All of a sudden, in this centennial year of the death of Mahler, there are now four Mahler Seconds on Blu-Ray.
ABBADO's Lucerne performance of 19/20 August 2003 was the first to appear on Blu-Ray. There was a sound problem with the initial release, but it has been fixed. My copy forms part of the boxed set of the first seven symphonies, where the First and the Second are combined onto one disc, the Third and Fourth on another, the Fifth and Sixth on another, while the Seventh is sole occupant of another disc. It is wonderful to have all the Mahler symphonies out on Blu-ray already so early in the life of the format, and the bulk of them presented by Abbado's handpicked Lucerne players. The contributions of Berlin veterans like clarinettist Sabine Meyer and flautist Emmanuel Pahud are highlighted in the Second, and their presence is missed in the First, which was recorded later. The blu-ray sound of the Second is astonishingly better than on the prior DVD release, and reveals one of the greatest performances of this work in our time. The performance and the disc are so perfect that it would have seemed like hubris to attempt another release. Yet three fine competitors have surfaced almost simultaneously.
CHAILLY's Leipzig performance of 17/18 May 2011 formed part of the first annual International Mahler Festival, along with a performance of Mahler's Eighth. The two symphonies both require large choral and orchestral forces, so there was practical advantage to having them both while the participants were available. The chorus masters Howard Arman, Simon Halsey and Gregor Meyer were certainly busy with rehearsals leading up to the festival, as the results testify. Ten years before, Chailly produced another outstanding high-resolution audio recording of this symphony, with the Concertgebouw; it was released both as a DVD-Audio disc and in a CD boxed set with the rest of the symphonic cycle.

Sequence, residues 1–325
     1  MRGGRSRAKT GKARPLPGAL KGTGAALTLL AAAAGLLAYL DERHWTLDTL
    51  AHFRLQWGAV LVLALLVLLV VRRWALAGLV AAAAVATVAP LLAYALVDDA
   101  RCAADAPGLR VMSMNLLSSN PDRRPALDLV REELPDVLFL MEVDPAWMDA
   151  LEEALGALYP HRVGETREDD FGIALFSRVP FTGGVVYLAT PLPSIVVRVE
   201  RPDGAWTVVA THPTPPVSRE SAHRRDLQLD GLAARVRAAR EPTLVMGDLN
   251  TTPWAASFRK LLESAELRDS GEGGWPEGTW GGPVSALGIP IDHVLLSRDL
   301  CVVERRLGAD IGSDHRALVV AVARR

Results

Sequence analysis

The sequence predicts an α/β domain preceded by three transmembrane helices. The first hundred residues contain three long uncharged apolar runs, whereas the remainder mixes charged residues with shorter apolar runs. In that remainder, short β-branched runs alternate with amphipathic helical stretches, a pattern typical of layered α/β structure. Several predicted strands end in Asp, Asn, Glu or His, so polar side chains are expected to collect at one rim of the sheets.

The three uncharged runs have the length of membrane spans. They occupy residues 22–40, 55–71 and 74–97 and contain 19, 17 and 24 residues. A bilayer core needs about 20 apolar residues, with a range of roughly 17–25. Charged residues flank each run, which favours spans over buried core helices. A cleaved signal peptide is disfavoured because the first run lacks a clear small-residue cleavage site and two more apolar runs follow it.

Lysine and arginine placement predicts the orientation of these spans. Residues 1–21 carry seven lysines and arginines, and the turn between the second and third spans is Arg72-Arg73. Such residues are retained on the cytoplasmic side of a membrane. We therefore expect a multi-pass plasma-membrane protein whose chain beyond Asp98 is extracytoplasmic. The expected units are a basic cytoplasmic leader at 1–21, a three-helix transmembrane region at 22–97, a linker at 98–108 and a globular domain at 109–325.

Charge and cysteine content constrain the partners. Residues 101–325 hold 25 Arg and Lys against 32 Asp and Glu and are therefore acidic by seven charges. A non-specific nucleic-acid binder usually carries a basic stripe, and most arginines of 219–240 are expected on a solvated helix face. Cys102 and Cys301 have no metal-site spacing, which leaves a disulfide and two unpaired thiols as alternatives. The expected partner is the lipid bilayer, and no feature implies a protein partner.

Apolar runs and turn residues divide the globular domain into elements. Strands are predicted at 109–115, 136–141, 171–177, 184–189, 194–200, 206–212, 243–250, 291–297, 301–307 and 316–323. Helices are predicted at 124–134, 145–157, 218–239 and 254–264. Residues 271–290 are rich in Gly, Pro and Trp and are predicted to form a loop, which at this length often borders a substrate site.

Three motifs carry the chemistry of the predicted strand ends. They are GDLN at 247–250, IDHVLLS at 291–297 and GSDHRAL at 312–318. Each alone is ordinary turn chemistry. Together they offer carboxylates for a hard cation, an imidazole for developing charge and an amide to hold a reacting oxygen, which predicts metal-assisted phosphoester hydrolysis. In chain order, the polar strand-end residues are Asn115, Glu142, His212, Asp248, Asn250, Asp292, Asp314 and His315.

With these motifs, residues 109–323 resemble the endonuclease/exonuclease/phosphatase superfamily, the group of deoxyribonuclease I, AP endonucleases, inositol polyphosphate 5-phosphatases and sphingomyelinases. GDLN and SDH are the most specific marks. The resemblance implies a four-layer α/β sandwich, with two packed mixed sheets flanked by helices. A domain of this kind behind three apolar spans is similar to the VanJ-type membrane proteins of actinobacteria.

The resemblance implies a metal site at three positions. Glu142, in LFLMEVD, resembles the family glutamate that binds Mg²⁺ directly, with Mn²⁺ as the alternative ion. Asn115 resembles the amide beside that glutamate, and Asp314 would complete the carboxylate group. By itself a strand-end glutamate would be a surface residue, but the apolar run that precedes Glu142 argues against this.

GILBERT's New York performance of 11 September 2011 took place on the tenth anniversary of the terrorist attacks. (To find this performance of the Second Symphony, search for "A Concert for New York" in Movies & TV.) In addition to the capacity crowd of 2646 people inside Avery Fisher Hall, a large screen outside in Lincoln Center Plaza accommodates a larger crowd, among whom are family members of the fallen. The conductor gives an impassioned introductory speech which has many audience members in tears, along with yours truly. In some ways the speech upstages the performance of the symphony. At least it certainly highlights the tragic and courageous aspects of the score, as opposed to the light touches, which are manifold. The performance certainly has a sense of occasion, and the choice of piece is particularly appropriate in view of the fact that Mahler himself conducted this orchestra in this piece on 8 December 1908.
BOULEZ's Berlin performance of 26/27 March 2005 makes a somewhat belated appearance on Blu-ray, after already having incarnations on DVD and HD-DVD. There is no way to compare with the latter, but the Blu-ray sound is a big, big leap from the DVD, which sounded anemic in both LPCM stereo and DTS. The LPCM stereo on the blu-ray sounds vastly better than the corresponding stereo on the DVD. To my ears the multi-channel sound on the Blu-ray is too bass-heavy (one of the microphone set-ups must have been near the basses), but others may prefer it. The occasion for this performance was the 80th birthday of the conductor, but unmentioned in the program notes is the fact that it was also near the 110th anniversary of the work's premiere, which took place right there in Berlin. So the Berliners conscientiously step into this piece as heirs to those who created it.
Of course the complete Abbado set is a must for the Mahler fan, but the other three performances of the Second are so fine that they too rise to the level of the indispensable.